Example 34. Schnittke, Concerto Grosso no. 1, VI, hybridity plan graph

Example 34 thumbnail

(click to enlarge)

[3.20] The Postludio has little activity, hybrid or otherwise (Example 34). It serves as a confirmation of the outcomes from the hybrid processes presented throughout the previous five movements. The clear result is that the clusters and the ic1 ideas remain strong whereas the tonal materials fade, even though they are still faintly heard. The toy piano shows up with small gestures, briefly cutting through the mass of clusters in the strings, connecting to the first ideas of the concerto. After two appearances, the toccata material, which had not shown up since the end of the second movement, appears softly for three measures in the middle of the decisive and final cluster environment that ends the piece.

Example 35. Schnittke, Concerto Grosso no. 1, symmetry of hybrid activity in all six movements

Example 35 thumbnail

(click to enlarge)

[3.21] One can have a general idea of how hybridity also organizes the concerto at a large scale, with hybrid activity being reserved for the framing movements (I, II, V, VI) in a symmetrical way, as shown in Example 35.

4. Final Thoughts

[4.1] This article presented a framework to interpret mixtures of styles and genres structurally and applied these ideas to a selected repertory of 1960s polystylism. The aim of developing four basic mixture strategies—clash, coexistence, distortion, and trajectory—is, first, to afford general analytical and interpretive tools for a compositional layer that has lacked a detailed perspective. Second, the same basic strategies might be applied to a diverse range of musical works, and allow for a contextualized, diachronic comparison through the central perceptual and structural effects of hybridity. Furthermore, these strategies need not focus on one specific compositional aspect (pitch, rhythm, texture, for instance), nor do they reduce an analysis of this repertory to a listing of sources alluded to or quoted; they focus on flexible engagements with expressions of hybridity. Once we consider contextual aspects, conditions, and motivations of specific cases of hybridity, the present analytical framework provides a way to connect compositional strategies, values, ideologies, and perceptually evident patterns, thus emphasizing the communicative possibilities of this music. The framework also contributes to a dynamic analytical process, involving context, familiarity, and recognition as important variables of the musical experience. These variables highlight the potential for multiple meanings in the network of stylistic associations and the processes that affect them in hybrid compositions.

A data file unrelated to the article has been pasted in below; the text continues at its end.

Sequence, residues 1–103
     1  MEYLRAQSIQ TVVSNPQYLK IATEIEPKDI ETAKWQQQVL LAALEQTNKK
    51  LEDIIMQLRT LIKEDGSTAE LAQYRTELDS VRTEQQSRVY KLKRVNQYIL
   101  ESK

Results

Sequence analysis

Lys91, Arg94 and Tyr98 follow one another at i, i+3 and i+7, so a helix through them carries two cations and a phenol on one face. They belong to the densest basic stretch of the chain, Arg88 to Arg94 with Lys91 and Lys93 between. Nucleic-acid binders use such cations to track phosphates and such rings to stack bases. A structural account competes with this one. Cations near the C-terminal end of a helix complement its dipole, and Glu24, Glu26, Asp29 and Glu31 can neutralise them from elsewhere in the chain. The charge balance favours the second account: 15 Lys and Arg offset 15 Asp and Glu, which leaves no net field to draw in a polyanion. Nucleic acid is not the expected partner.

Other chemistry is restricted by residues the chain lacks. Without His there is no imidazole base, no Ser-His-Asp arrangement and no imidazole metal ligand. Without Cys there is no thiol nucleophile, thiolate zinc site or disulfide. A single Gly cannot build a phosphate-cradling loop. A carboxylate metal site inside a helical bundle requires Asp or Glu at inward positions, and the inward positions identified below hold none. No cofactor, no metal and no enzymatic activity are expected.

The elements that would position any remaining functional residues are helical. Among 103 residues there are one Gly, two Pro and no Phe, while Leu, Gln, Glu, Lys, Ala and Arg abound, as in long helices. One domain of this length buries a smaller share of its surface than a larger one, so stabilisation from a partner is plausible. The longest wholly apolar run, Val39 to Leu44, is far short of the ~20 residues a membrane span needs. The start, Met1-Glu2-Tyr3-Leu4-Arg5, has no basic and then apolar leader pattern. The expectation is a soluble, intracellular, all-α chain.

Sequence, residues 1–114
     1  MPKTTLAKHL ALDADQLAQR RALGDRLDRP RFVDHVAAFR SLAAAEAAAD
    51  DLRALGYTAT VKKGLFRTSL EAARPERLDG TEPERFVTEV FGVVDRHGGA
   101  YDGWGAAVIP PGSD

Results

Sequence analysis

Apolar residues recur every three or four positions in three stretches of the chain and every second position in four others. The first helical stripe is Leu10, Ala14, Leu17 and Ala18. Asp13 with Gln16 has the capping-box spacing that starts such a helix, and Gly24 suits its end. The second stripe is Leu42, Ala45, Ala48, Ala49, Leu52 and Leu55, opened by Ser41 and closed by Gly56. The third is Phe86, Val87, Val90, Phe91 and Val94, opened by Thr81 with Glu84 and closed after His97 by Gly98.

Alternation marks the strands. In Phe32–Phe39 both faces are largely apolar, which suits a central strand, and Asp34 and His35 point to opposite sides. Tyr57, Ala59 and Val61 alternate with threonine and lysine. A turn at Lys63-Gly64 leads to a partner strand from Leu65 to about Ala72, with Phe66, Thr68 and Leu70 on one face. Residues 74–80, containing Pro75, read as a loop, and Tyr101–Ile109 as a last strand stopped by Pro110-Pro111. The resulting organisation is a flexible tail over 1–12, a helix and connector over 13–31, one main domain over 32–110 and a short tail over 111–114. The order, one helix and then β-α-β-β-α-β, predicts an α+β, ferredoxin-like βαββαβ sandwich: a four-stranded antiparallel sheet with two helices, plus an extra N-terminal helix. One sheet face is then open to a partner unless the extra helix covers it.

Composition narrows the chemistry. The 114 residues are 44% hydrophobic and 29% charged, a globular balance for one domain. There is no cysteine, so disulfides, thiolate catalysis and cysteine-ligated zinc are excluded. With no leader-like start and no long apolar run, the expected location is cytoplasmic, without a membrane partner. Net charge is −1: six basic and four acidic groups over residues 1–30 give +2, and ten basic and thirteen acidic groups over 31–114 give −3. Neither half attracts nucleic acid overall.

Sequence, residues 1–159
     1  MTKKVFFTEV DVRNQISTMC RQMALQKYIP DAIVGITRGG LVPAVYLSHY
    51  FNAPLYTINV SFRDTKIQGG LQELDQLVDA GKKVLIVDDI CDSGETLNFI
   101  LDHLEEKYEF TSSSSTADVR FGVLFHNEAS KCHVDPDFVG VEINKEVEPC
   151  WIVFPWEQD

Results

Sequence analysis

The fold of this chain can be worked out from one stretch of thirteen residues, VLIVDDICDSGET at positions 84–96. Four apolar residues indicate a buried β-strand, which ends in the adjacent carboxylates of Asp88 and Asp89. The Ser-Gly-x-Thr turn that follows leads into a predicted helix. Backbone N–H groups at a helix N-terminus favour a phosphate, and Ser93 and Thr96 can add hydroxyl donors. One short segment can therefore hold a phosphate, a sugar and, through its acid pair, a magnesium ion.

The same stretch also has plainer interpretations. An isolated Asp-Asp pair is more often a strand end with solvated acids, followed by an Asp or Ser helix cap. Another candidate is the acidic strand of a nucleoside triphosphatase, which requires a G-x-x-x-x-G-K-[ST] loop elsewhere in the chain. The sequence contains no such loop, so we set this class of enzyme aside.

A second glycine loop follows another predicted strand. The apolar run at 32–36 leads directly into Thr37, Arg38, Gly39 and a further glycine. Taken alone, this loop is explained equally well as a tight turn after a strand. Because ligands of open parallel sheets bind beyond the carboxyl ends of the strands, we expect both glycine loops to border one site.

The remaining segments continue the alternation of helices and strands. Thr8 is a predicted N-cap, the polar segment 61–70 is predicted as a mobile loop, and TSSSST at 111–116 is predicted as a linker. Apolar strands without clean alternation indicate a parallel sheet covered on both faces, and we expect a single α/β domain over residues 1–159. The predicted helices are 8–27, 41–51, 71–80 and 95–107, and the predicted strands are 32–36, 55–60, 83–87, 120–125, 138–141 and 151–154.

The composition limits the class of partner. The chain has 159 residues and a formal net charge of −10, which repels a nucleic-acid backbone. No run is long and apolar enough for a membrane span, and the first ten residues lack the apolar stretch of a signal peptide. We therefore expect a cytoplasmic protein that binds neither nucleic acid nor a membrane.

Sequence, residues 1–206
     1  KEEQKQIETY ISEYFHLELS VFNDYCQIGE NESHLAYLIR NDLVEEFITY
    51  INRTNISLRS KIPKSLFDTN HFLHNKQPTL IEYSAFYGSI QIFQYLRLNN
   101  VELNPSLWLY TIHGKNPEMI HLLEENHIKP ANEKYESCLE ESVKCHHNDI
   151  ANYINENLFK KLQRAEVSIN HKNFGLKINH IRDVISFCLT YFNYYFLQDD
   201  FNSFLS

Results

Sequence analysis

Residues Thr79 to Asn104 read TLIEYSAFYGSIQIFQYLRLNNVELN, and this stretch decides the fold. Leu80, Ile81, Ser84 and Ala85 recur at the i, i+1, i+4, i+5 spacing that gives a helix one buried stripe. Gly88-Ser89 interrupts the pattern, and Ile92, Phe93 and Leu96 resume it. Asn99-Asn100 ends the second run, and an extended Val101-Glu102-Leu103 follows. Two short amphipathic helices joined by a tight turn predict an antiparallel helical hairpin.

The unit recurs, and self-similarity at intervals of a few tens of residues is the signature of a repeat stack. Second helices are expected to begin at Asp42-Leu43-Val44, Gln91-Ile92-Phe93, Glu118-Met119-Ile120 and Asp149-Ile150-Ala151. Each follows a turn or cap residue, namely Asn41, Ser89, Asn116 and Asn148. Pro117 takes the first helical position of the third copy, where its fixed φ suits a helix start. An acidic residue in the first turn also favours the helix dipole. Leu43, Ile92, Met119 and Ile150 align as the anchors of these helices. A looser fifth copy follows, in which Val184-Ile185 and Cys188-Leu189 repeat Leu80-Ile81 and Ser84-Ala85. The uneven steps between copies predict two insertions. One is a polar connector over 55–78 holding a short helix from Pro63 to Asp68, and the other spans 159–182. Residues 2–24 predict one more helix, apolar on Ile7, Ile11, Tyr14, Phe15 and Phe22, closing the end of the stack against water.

[4.2] I have engaged with the analytical layer of style and genre as a parameter—a variable means for musical expression and interpretation. This parameter affords opportunities to address the dynamic status of boundaries in a productive and contextually engaged manner. Once a reconceptualization of the notions of style and genre occurs, moving beyond an essentialist perspective, these more flexible categories may serve to guide and organize, while not rigidly defining or restricting musical engagements.

[4.3] Nederveen Pieterse writes that “the importance of hybridity is that it problematizes boundaries” (2009, 5). Furthermore, in music, a focus on matters of identity through hybridity can connect structural choices with their social, political, and economic contexts. This focus may elucidate as much about an individual musical work and its technical characteristics as the systems of categories that guide a specific creative community. Hybridity, understood as a common and ubiquitous cultural process, also helps to counter pejorative perspectives on mixture (which can have, for instance, connotations of impurity or inauthenticity). Instead, hybridity may highlight the fluid and contingent status of identities—a subject increasingly vital in the twenty-first century, as we face far-reaching discussions about identity politics. In this way, music is—as it always has been—a space for a projection of these matters; styles, genres, and their manipulations in hybridity become important tools in this equation.